Mary Bonauto didn’t really want to argue for marriage equality before the U.S. Supreme Court in April 2015.
She’d been doing that as an attorney with Gay & Lesbian Advocates & Defenders in state and federal courts all over the country for years. The civil rights attorney was “deeply exhausted” and wanted to go home to her spouse, Jennifer Wriggins, a professor at the University of Maine School of Law, and their two children in Portland and rest.
But the high court had consolidated cases from four states. Less than a month before the arguments were to be heard, Bonauto was the only person all the lawyers involved could agree on to stand before the nine justices and answer their rapid-fire questions.
“So what did I do? I called my spouse,” Bonauto, 56, recalled Tuesday following a speech at the Bangor Public Library. “She knows I’m a total preparer and what that would mean. We told the kids they had to do the laundry and all this other stuff. And I moved to D.C. and I stayed in a room and I worked super hard.”
Bonauto described her preparation for the case in a question-and-answer session following an hour-long presentation at the library on civil rights in Maine and the nation. The event was part of the Dirigo Speaks series sponsored by the Bangor Daily News.
“So, it’s a big day for me,” Bonauto said of presenting oral arguments before the Supreme Court on April 25, 2015. “I think people thought I wasn’t really going to dress well because somebody came and picked me out some clothes. I tried not to be offended. It was a nice dress. And then they decided they should send somebody to put makeup on me. I don’t normally wear makeup but whatever.”
Bonauto next got into a taxi for what she thought would be a short ride to the Supreme Court, but it became clear that the taxi driver had not understood where he was supposed to take her. Bonauto, in frustration, jumped out of the cab and dashed to the courthouse, dragging her bag behind her.
“I made it on time. It was a little of a stressful start, but my spouse and our kids were there,” she said. “When I stood at the podium, all I could do to reassure myself was to say to myself, ‘You are right. You are right. You’re right. This is right.”
And the justices narrowly agreed.
She described June 26, 2015 — the day the Supreme Court ruled 5-4 that the Constitution’s guarantees of due process and equal protection mean that states cannot ban same-sex marriages — as “awesome.”
But Bonauto warned the audience of about 60 people that the work to keep the backlash against civil rights at bay continues, despite how people’s attitudes toward gay marriage have evolved over time.
In 1990, 70 percent of Americans opposed same-sex marriage, she said, citing a Gallup poll. As of May 2018, 67 percent supported gay marriage.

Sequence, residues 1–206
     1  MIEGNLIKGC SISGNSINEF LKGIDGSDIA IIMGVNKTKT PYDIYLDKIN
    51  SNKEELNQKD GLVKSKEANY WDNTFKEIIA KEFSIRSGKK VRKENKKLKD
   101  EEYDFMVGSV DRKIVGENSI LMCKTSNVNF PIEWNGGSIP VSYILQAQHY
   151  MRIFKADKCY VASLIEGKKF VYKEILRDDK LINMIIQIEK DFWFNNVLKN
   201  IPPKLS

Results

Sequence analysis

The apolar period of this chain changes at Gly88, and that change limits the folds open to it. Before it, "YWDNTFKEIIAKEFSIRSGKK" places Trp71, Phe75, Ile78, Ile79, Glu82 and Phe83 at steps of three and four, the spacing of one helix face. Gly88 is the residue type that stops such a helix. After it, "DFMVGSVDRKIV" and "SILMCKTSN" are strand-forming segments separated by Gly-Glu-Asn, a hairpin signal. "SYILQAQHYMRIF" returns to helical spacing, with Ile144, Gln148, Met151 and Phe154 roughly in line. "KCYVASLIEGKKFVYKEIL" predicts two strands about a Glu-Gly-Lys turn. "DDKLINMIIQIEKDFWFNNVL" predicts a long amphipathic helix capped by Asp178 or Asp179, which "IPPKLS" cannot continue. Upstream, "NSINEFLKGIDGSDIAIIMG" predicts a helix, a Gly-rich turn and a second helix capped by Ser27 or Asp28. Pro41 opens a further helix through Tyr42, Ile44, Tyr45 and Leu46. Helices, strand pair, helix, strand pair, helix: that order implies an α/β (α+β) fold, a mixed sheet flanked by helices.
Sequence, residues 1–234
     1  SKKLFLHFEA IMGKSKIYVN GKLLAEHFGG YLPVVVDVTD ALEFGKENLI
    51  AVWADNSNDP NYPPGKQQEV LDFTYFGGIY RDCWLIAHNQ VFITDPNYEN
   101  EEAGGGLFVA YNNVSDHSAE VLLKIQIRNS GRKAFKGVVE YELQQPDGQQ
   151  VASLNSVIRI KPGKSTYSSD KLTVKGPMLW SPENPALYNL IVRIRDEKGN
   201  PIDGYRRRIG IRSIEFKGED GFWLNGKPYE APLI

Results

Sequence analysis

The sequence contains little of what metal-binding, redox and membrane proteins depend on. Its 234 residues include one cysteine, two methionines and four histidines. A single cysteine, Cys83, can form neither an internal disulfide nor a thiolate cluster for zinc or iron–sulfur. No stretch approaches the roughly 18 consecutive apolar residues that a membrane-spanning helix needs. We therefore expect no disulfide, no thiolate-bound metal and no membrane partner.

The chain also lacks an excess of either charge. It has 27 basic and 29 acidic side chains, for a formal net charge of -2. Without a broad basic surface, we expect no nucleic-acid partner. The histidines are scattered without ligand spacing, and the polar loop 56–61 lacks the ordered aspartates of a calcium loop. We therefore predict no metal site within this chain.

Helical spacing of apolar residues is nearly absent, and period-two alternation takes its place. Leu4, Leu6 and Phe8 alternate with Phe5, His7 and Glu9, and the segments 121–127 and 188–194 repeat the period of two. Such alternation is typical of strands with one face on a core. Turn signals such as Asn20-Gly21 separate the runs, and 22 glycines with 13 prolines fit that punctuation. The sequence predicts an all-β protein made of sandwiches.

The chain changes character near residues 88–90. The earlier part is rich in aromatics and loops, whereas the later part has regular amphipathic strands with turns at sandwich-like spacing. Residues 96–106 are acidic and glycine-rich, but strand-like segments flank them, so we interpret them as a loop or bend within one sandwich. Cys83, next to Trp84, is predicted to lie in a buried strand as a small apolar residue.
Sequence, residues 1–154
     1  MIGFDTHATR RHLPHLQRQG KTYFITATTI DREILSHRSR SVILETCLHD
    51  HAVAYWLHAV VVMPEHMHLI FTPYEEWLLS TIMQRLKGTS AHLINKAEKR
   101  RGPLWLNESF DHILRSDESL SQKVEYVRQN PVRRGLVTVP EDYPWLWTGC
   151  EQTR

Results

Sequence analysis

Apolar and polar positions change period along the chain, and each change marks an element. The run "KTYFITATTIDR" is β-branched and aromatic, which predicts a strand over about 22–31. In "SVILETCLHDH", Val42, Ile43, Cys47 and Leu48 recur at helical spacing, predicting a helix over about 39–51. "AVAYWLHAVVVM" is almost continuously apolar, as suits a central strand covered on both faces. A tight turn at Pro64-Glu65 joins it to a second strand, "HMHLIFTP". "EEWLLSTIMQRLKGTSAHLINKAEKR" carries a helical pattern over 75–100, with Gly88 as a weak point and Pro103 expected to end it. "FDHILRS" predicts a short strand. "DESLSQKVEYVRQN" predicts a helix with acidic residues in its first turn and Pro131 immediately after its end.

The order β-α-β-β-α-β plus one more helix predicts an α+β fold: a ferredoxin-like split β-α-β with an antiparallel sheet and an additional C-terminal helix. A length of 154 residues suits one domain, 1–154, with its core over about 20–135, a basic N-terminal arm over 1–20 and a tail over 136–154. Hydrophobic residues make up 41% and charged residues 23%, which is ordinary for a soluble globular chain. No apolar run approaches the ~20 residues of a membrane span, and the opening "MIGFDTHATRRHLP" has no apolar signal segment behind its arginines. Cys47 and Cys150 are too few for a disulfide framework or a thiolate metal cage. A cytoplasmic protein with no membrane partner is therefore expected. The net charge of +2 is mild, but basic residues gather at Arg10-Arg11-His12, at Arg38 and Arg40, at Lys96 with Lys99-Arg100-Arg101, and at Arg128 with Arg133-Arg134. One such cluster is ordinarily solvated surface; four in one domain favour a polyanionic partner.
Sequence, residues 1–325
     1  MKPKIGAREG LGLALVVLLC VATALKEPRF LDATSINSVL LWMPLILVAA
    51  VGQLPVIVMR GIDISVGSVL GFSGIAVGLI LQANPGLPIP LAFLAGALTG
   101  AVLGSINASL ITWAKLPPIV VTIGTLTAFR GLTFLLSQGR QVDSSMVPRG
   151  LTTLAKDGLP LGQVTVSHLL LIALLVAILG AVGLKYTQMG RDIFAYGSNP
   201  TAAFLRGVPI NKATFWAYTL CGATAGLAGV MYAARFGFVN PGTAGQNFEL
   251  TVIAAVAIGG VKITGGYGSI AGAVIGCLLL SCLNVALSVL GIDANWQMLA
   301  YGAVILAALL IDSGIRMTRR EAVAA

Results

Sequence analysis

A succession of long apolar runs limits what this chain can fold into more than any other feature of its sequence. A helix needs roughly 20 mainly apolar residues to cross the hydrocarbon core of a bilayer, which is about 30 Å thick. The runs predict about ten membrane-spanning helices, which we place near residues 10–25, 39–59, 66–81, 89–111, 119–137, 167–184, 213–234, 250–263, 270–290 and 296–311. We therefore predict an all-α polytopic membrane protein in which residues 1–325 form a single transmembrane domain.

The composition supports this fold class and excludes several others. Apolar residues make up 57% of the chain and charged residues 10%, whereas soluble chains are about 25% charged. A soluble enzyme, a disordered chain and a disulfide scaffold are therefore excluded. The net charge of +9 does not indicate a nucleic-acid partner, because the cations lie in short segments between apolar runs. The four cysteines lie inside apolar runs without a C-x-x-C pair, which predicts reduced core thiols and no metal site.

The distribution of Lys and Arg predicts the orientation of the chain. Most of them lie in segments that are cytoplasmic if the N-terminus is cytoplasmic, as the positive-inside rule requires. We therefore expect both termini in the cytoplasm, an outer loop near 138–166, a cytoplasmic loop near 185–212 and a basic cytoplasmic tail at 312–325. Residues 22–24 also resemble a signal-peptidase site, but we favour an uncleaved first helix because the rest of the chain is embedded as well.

“I am very conscious that this is recent and opinions can change,” Bonauto said. “There is still a solid one-third of the population who oppose same-sex couples.”
She told the audience that the Supreme Court’s recent decision in the case over a Colorado baker’s refusal on religious grounds to supply a wedding cake for a same-sex couple was not the end of the issue. Other cases over the denial of services to gay and transgender people will be before the justices in the next few years, she said.
The court last week ruled 7-2 in favor of the baker, finding that Colorado’s Civil Rights Commission had been hostile to the baker’s faith. Justices Ruth Bader Ginsburg and Sonia Sotomayor dissented, arguing that the actions of a few commission members did not alter the fact that the baker had violated Colorado’s anti-discrimination law.
In answer to a question from the audience Tuesday, Bonauto said she agreed with the majority.
“We have diverse religious faiths in this country,” she said. “I think respecting faith is an important value for all of us in that sense. This was a limited decision. [The baker] wins this round. I think it’s important for people to be able to express their faith, but it is also important to respect LGBTQ people.”
LGBTQ is the abbreviation for lesbian, gay, bi-sexual, transgender and questioning.
Bonauto’s recent work includes representing youth incarcerated at Long Creek Youth Development Center in South Portland. The state’s only juvenile prison has been criticized for its inability to offer treatment and rehabilitation to youth incarcerated there following the suicide of a transgender inmate in November 2016.
“At one point, it was estimated that one-third of the youth there are LGBTQ,” she said.
Bonauto said that what she has seen on her visits to Long Creek is “intense human suffering.”
“These are not scary people,” she said. “They really need to get the care and attention they need so these behaviors go away and these young people can grow.”
She urged members of the audience to support school policies that prohibit harassment of transgender youth even though they are protected under state law.
Bonauto’s work has been recognized with numerous awards, including the 2014 MacArthur Fellowship. She is the Shikes Fellow in Civil Liberties and Civil Rights and Lecturer on Law at Harvard Law School, serves on an advisory board for the American Constitution Society and has also served as co-chair of the Sexual Orientation and Gender Identity Committee of the American Bar Association’s Section on Individual Rights and Responsibilities.
Bonauto graduated from Hamilton College in Clinton, New York, and Northeastern University School of Law in Boston.
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